Who is Amethyst for right now?

(Erlend Sogge Heggen) #1

In the past 24h there’s been two very similar discussions about the arguably steep learning curve of Amethyst:

“I wanna learn Rust by making games. Is Amethyst right for me?”

From what I can tell, the answer right now should be an honest “no, use ggez”. Feel free to tell me that’s an unfair assessment.

It just seems to me like if you’re new to both Rust and ECS then it’s gonna be tough to learn both at the same time.

Regardless of my assessment, figuring out where the bar is set right now for development with Amethyst is very important. The better we can communicate who it is and is not for, the fewer disappointed users you’ll have.


By @maruru: (emphasis mine)

What exactly is the point here? What do you want to discuss? How to make Amethyst more appealing for a broader audience? How to improve communication/documentation?

imho, when making a simple game, Amethyst delivers a lot of things which are simple to use… once you wrap your head around all the concepts. Amethyst is not like SFML or similar, which many people creating small games might be used to. It delivers very scalable architecture for games. And it is not C. It is Rust, and Rust adds many hurdles. Things which might be faulty, but still work in smaller applications are not possible in Rust, which might add to frustration. As such I never even considered Amethyst to be made for small games. If you want to create a Space Invaders clone, there are better solutions. And let’s be honest here, none of them is native. Platform independence and system languages are a pain, when WebGL delivers on all modern browsers on all platforms and can be integrated into native apps if necessary (Electron, Cordova, etc.)

So, since you say that Amethyst does not appeal to creators of simple games, then yes, I never thought it should in the first place. Catering to everyone is impossible after all. If you want to appeal to game devs for very small and simple games, then you’d have to abstract a lot of things away and focus on a very different set of features.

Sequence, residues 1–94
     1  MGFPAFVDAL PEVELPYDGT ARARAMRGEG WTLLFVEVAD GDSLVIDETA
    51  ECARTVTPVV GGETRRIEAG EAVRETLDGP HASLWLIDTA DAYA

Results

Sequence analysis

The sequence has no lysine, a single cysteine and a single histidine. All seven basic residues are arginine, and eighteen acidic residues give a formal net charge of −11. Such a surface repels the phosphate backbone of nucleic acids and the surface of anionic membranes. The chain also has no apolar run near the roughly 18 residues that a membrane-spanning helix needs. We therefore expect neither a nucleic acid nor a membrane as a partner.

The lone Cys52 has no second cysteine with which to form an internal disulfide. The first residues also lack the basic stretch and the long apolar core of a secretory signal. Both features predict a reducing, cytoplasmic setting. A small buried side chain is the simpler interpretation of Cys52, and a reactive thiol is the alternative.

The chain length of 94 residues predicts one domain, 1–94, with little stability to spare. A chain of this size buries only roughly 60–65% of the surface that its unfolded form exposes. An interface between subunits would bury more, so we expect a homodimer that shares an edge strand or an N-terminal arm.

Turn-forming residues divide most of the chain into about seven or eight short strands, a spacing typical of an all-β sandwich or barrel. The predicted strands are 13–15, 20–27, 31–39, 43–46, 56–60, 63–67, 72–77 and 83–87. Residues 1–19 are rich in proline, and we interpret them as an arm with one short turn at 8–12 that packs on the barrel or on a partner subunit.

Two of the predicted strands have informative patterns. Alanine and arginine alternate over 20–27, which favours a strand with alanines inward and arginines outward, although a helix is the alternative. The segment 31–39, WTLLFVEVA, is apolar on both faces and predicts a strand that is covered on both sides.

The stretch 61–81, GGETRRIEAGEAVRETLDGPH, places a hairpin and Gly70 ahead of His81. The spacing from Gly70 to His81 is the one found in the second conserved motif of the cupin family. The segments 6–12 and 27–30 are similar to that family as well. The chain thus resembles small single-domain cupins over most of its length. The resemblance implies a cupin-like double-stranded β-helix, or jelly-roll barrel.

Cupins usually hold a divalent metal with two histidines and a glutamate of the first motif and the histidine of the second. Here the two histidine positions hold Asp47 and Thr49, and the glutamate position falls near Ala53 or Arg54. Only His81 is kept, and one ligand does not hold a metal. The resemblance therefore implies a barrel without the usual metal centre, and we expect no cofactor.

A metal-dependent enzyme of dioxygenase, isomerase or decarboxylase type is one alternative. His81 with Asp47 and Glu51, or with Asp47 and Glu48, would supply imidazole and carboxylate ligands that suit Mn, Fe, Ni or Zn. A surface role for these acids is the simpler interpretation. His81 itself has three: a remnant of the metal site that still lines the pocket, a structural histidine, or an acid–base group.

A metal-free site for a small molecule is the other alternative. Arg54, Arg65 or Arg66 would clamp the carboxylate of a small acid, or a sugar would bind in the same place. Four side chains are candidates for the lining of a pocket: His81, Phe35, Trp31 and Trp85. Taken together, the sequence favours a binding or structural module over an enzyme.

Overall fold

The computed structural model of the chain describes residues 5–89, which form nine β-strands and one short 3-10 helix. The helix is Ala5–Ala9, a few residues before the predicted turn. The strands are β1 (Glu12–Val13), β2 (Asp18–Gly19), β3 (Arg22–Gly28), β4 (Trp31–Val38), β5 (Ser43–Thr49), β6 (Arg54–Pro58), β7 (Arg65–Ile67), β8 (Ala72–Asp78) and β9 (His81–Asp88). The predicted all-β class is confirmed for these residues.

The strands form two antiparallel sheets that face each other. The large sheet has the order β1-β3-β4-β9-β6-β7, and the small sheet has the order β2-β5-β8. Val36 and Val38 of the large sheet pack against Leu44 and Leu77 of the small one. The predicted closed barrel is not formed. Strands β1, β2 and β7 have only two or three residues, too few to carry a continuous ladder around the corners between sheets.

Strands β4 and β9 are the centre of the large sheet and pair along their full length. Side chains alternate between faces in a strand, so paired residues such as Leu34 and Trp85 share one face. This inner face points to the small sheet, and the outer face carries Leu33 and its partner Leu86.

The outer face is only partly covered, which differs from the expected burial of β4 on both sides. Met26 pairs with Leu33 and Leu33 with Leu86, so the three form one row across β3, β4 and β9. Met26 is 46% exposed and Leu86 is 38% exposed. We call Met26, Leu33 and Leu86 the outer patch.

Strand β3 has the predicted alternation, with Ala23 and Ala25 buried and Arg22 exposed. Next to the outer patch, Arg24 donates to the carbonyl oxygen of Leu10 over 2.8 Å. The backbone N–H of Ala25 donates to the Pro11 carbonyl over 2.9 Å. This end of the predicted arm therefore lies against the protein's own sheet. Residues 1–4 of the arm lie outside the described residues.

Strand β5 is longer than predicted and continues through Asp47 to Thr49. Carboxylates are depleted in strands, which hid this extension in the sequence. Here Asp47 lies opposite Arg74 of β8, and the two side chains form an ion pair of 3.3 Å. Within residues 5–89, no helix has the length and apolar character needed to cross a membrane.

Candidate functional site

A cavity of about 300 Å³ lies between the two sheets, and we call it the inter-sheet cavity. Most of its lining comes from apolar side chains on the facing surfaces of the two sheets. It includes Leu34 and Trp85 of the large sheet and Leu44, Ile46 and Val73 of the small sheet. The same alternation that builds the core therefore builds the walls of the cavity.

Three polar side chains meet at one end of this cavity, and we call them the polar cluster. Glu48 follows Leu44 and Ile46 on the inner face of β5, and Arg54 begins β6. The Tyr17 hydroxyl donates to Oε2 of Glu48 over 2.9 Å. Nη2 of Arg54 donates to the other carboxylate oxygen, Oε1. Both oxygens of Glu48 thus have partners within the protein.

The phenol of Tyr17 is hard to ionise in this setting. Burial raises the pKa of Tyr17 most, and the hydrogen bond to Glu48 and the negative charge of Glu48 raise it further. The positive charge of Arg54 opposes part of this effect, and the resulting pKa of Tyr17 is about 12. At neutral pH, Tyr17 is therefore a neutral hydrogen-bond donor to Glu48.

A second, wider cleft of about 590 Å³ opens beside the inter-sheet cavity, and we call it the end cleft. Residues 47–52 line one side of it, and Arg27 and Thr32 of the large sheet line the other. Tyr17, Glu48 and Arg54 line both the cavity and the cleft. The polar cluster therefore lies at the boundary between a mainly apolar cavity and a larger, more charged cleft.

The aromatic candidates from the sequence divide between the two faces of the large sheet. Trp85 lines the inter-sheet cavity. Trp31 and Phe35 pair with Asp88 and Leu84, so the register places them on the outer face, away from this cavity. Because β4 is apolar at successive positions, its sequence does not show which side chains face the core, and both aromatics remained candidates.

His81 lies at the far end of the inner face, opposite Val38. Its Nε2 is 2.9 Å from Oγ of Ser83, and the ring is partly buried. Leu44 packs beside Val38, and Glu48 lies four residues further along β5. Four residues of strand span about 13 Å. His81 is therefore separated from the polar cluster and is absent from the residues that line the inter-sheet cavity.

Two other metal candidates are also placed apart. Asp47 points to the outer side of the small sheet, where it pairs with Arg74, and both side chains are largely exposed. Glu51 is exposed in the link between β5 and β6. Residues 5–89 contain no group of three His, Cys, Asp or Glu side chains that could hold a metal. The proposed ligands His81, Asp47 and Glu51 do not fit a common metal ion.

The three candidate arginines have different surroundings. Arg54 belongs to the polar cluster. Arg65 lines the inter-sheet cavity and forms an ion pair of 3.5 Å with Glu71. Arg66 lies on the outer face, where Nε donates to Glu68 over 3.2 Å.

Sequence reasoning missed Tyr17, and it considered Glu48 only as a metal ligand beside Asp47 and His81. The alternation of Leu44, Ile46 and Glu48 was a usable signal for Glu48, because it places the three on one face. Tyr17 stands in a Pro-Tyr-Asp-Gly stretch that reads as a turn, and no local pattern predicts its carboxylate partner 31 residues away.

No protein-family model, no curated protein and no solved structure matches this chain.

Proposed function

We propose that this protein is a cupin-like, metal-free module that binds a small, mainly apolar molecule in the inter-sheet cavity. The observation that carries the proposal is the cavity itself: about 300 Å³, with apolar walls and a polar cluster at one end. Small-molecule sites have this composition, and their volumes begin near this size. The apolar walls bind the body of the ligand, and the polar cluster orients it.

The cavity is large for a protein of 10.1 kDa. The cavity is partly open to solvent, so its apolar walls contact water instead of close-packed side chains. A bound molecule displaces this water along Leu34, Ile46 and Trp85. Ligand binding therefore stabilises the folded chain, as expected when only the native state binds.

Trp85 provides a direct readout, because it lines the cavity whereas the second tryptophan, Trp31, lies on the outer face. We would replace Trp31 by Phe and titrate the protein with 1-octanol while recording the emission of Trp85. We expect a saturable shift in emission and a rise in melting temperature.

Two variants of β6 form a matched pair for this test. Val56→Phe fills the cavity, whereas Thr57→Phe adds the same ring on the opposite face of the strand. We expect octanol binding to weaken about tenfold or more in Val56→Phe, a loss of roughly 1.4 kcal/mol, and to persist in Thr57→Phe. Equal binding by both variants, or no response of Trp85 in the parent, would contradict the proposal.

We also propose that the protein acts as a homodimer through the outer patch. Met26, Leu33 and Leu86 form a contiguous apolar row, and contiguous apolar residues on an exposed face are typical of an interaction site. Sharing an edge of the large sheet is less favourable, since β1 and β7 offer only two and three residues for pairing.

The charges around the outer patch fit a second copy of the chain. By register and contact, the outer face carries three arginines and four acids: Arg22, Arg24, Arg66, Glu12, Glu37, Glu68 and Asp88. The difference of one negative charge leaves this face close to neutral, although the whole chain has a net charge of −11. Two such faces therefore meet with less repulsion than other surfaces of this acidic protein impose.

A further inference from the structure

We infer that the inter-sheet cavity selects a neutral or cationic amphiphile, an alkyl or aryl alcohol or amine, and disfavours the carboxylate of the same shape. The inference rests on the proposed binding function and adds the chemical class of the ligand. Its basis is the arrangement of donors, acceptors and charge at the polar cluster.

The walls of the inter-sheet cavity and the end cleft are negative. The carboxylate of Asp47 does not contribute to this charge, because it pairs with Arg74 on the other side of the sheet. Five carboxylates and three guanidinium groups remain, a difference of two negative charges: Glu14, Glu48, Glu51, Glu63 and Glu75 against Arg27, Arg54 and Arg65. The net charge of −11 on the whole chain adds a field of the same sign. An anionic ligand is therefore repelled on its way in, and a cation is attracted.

As such, I think you should draw a clear line and decide on the audience for Amethyst. Which is not to say that Amethyst cannot cater to small games… just not as Amethyst itself.

Imho, if you want to appeal to game devs with simpler needs, a wrapper library may be created, which does the hard parts and implements the necessary niceties for simplicity, so that simple-game devs just call very simple functions in order to get up and running. Your typical example then should be <10loc to get a window open and render a triangle.

1 Like
(Marco Alka) #2

I want to add @Xaeroxe’s RFC here, which found a consensus in splitting Amethyst into a more abstract engine, and an in-depth framework (what we have today). In addition to what you quoted above, the engine would be even another option, imho.

While I think that the Rishav from your screenshot would still want to give the framework part a try, it would at least make creating Amethyst-based games a lot easier in the long run. The question is, how fast the engine part can be delivered, and if it even makes sense to announce the plan at this point.

Also, it’s important to not make the selection over-complex or even fragment the Amethyst community. Maybe a roadmap and a few defined goals for engine usability relative to developer level would be interesting to have, build from all mentioned arguments (and new ones, if you have some)

(Joël Lupien) #3

I wanna learn Rust by making games. Is Amethyst right for me?

I would reply yes.

I wanna learn game developement by using Rust (Amethyst or not). Is it right for me?

I would reply no.

To me, there’s a clear distinction between just focusing on making a game, and using an engine that is in alpha to make a game. You need either solid use cases or proper experience to do the latter effectively.